• Lawsuit filed by Lubin against Agora in 2005 for violation of Maryland securities laws.
  • Lawsuit filed by SEC against Agora in 2003 for profiting from the selling of fake financial information.

The last and latest lawsuit sounds familiar, eh?

Is Fluorescent Sand a scam?

Fluorescent Sand is merely a vague “marketing” term that promotes 5G technology and its supposed technological breakthrough soon.

But really, I see this as just nothing more than new fiber optic cables!

Yes, you can “ride with the 5G wave” and invest.

No one’s saying you can’t earn big-time.

But just ask yourself — do you really need the newsletter called Automatic Fortunes to invest? Or let alone hear out Ian King’s words? Knowing that he’s well known for being an “aggressive marketer?”

Subscribing and spending money for your Banyan Hill subscription and being bombarded with supposed “professional,” “expert,” and “accurate” advice from a company that merely sells books and reading materials doesn’t really sound good.

Factor in Banyan Hill’s parent company’s lawsuit history and it won’t be hard for you to consider it as a scam in disguise!

What is a scam?

According to Merriam Webster, a scam is an act of deceiving someone through an activity or interesting and helpful opportunity to earn something, in this case, money.

Here's a 3-minute video on how you can spot a scam...

Success is rare with Fluorescent Sand

Success is very hard to find in stock investments, let alone subscribing to a newsletter just to gain information on how to invest!

It’s just crazy to believe you’ll actually earn good money or any amount from this endeavor.

Automatic Fortunes newsletter, which is the whole point of Fluorescent Sand’s existence (as a marketing term) didn’t also release any income disclosures.

This means that it’s impossible to tell if subscribers really did make money from the investment scheme.

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I created a passive income online within a year. I had no marketing skills or online experience when I started.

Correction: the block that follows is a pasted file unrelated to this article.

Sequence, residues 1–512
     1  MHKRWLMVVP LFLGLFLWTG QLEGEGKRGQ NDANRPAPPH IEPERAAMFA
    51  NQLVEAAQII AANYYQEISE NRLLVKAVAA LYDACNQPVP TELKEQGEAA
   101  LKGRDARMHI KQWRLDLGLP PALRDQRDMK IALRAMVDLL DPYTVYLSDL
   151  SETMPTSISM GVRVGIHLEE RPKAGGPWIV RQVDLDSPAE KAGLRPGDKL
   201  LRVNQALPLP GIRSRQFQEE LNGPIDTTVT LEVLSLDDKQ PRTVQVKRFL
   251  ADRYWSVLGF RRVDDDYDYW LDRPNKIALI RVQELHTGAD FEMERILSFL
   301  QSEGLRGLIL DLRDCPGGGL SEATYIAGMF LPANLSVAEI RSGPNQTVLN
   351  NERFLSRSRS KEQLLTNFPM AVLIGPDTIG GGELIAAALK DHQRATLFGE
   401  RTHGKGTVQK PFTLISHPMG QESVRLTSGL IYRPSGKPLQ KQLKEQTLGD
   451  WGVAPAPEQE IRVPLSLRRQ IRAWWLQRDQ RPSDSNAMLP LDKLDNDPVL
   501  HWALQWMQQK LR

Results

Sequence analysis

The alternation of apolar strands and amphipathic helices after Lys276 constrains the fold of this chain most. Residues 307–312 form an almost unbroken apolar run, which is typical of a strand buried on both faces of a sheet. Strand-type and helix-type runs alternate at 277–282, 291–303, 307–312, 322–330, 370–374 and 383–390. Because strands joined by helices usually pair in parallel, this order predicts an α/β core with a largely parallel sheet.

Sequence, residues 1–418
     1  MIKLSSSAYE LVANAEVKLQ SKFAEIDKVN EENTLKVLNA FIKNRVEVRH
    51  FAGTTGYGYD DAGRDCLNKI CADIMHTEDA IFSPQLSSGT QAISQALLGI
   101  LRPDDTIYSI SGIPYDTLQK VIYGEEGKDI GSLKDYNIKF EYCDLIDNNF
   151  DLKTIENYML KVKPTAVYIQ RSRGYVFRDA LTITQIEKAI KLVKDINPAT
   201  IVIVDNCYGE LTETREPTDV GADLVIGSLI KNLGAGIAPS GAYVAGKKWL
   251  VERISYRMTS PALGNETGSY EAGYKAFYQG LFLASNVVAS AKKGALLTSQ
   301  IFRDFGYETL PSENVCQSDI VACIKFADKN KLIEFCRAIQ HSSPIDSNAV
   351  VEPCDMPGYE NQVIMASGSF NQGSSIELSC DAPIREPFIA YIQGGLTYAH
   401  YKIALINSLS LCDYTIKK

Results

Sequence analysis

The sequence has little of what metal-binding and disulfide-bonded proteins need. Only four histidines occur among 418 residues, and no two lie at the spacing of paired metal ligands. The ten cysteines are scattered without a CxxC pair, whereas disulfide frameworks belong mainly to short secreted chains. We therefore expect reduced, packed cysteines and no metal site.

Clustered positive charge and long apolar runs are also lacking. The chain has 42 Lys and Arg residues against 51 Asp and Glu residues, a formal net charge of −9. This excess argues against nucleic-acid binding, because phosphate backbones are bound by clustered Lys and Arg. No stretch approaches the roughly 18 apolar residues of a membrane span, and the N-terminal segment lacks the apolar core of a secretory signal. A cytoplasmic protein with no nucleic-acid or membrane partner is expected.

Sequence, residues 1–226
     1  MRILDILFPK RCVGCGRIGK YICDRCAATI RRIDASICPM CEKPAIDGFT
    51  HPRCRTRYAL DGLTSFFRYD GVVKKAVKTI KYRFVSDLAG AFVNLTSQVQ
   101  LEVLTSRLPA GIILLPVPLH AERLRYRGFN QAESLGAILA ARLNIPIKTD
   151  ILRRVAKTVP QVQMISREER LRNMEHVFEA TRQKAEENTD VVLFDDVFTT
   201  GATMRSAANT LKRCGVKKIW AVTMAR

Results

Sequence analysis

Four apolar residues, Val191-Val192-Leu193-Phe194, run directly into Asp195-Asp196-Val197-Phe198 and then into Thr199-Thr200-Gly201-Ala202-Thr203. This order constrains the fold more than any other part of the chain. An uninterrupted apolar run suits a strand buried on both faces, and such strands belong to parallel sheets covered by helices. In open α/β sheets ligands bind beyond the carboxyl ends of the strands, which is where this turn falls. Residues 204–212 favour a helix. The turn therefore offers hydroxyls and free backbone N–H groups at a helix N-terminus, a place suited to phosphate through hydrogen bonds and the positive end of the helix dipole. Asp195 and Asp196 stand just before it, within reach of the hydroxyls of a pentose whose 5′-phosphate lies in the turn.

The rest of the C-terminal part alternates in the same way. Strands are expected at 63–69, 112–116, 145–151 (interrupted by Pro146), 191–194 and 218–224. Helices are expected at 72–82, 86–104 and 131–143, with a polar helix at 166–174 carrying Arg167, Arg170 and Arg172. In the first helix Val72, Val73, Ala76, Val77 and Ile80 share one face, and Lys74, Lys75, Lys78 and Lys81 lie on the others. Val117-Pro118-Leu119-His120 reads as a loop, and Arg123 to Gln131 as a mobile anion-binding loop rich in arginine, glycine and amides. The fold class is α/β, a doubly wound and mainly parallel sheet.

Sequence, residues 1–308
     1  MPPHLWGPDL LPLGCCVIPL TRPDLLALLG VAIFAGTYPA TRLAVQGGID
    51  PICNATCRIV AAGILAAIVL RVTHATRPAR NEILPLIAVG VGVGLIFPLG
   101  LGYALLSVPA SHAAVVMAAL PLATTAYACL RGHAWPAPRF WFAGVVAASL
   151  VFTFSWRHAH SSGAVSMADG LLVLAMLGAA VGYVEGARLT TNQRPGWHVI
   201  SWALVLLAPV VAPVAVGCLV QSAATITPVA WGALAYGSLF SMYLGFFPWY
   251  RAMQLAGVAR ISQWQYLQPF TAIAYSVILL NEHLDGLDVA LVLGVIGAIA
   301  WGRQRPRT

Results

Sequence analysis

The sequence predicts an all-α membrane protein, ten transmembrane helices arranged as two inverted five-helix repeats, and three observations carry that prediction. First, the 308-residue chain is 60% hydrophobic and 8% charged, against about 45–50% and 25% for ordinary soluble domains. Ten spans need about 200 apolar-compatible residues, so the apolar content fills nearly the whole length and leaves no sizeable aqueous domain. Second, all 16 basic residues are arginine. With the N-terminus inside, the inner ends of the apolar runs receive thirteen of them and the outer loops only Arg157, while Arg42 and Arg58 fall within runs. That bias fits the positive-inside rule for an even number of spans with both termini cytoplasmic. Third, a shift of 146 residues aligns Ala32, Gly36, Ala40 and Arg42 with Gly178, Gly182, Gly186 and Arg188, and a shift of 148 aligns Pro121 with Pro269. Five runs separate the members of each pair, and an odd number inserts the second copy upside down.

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How does Fluorescent Sand Work?

Fluorescent Sand is merely a sales pitch — and nothing more…

Its main purpose is just to get people to subscribe to the Automatic Fortunes newsletter which is written by Ian King for Banyan Hill Publishing.

Banyan Hill and Agora Financial (the company owning Banyan) are masters in using salesy and clever language to promote their newsletter through deceptive marketing strategies.

In fact, I’ve found out that there are other sales pitches they did before that’s very similar with Fluorescent Sand!

Here they are...

And just like Automatic Profits, these campaigns offer a book for “free” even if it isn’t really free.

You know how this goes…

These aren’t downloadable because they’re literally a physical book! Though they may be “free,” you have to pay for the shipping and postage.

What’s worse is that once you sign up for it, you’re automatically subscribed for a monthly autoship that’s good for one year!

In my own opinion, I can say that this is downright marketing deception and is very similar to scams!

Fluorescent Sand products

Fluorescent Sand isn’t a product. And just like what I said earlier, it’s merely a marketing term to get people to subscribe to the Automatic Fortunes newsletter.

Is Fluorescent Sand a Scam? Newsletter

Here’s what you can expect to find in Automatic Fortunes:

Full Access to Ian King’s Portfolio

His portfolio contains his investments and how much he’s making from them. You’ll also find out about the $5 stock you can invest on and how you can turn it to 1 million times its original value! Crazy isn’t it...

Community Updates

You’ll get weekly updates on what’s happening in the financial and tech markets, most especially with the much hyped 5G revolution.

Monthly Subscription

Automatic Fortune’s main membership product is its monthly subscription that you are auto-renewed on. It shows in-depth analysis on market trends and if there are new stock investment opportunities you can invest on.

Can you make money with Fluorescent Sand?

Sure, you can make money with the help of some financial advice from the experts and proper investments in revolutionary technologies.

But investing doesn’t give you the assurance of making money. You can even lose money in the process!